Thursday, January 9, 2014

Review: (Montreal) V-Cards (WildSide)

Fake it till you make it or Like a Virgin?
by Aleksandra Koplik

Any show that starts with a Leonard Cohen-esque cover of Madonna’s “Like a Virgin” can have and keep my attention. This clever and extremely funny play is written by Step Taylor and Jesse Stong, directed by Dean Patrick Fleming. [ED: Jesse Stong is a contributor to The Charlebois Post.] It opens and closes with 14 chairs placed on stage, forming the letter V. Each chair holds a Roman mask of emotion that helps give life to over 20 characters (aged 13-70) on stage. They are played by four talented and energetic actors:  Marcel Jeanin , Amanda Kellock, Mike Payette and Anana Rydvald , that have absolutely no trouble transitioning from one story to the next. Actually, they glide through it. The audience quickly realizes from the very beginning that this is in fact an exposé of different people’s stories of their sexuality, self-awareness and, of course, losing their virginity. The names of the characters and their age is projected onto a chalkboard at the beginning of each segment and transitions to the next with song that ranges from the vocal stylings of the Spice Girls, to Sting, to Bruno Mars – keeping an upbeat vibe in the room.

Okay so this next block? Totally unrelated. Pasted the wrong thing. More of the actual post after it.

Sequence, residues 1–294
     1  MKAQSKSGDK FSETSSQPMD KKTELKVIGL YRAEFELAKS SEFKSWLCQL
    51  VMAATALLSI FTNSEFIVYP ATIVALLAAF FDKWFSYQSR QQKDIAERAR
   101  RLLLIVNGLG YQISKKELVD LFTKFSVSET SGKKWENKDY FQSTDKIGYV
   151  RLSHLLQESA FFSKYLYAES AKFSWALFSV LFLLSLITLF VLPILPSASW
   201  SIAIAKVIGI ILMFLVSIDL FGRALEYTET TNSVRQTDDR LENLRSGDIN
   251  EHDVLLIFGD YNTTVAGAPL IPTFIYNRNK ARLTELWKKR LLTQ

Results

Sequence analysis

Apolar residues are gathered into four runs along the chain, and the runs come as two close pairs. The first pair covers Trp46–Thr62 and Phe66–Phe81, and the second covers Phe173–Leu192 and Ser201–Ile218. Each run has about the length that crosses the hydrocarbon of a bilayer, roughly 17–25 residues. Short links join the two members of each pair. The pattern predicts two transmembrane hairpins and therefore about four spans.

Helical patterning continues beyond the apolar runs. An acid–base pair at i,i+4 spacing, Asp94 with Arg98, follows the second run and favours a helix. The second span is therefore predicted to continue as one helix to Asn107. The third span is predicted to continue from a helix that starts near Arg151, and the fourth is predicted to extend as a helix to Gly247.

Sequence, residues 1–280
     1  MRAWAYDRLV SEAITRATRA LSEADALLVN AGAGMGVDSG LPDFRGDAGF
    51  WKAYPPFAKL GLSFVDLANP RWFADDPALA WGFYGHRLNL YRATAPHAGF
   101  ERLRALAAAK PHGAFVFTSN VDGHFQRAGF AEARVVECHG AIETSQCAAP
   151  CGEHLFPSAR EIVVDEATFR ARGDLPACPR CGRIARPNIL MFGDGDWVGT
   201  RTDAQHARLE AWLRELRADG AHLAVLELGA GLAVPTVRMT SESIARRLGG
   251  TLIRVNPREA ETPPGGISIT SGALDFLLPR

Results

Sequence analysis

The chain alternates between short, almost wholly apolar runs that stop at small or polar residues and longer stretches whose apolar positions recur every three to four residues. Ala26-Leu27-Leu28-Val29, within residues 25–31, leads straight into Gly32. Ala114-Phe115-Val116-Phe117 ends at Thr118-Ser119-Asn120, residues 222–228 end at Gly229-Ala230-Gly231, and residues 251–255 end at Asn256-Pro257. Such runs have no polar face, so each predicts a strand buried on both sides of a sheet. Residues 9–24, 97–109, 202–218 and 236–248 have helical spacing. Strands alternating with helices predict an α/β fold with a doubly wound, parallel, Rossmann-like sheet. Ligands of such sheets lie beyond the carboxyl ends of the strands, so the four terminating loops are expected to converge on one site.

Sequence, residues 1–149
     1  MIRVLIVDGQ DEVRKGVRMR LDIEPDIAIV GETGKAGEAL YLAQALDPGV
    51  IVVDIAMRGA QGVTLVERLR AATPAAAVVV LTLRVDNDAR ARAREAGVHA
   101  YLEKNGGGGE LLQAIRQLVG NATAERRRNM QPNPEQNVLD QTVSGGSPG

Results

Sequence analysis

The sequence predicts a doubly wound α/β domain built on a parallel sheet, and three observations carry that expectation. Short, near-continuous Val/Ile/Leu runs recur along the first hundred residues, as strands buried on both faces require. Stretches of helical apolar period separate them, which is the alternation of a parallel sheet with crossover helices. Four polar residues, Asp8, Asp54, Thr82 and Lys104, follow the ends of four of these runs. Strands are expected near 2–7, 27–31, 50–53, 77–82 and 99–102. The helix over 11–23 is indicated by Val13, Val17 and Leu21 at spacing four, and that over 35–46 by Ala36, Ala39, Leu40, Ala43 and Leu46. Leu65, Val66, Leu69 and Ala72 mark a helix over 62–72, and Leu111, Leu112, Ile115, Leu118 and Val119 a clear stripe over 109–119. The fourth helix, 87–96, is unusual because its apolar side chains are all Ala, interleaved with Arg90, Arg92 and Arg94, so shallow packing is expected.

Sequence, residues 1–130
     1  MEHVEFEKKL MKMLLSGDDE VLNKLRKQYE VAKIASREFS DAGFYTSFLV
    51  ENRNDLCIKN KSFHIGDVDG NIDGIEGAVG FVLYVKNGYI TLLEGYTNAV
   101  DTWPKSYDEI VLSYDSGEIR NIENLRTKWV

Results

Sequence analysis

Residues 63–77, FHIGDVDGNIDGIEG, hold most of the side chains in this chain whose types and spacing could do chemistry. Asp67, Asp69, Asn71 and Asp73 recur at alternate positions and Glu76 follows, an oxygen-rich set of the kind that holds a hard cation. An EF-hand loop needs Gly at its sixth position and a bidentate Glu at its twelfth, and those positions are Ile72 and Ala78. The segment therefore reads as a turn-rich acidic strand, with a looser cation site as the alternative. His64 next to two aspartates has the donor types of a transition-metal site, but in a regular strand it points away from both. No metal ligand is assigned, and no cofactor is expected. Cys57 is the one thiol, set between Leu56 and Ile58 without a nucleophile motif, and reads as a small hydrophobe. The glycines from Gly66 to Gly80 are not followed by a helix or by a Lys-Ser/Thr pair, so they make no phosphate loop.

This production really succeeded at exploring the theme of sex in a basic human way: not by depicting the various positions of the Kama Sutra or the visual aesthetics of the female/male body. It really spoke about the evolution of sex, from teenagehood and onward.
What does the word “sex” mean to a 13-year old?
When does one start having sex and why?
Why is it humiliating to be branded a 'virgin' in high school?
Where is the love in sex?
What is homosexuality?
What is transsexualism?
All of these themes and life situations are approached in the most basic, but interesting way. I forgot how confusing it was to be an adolescent (glad that’s over!) and to have all these unanswered questions pop up every day. Every character’s story is believable and relatable. They shape a play that is directed for a mature audience of all ages, giving us something to think and laugh about.
V-Cards is part of WildSide

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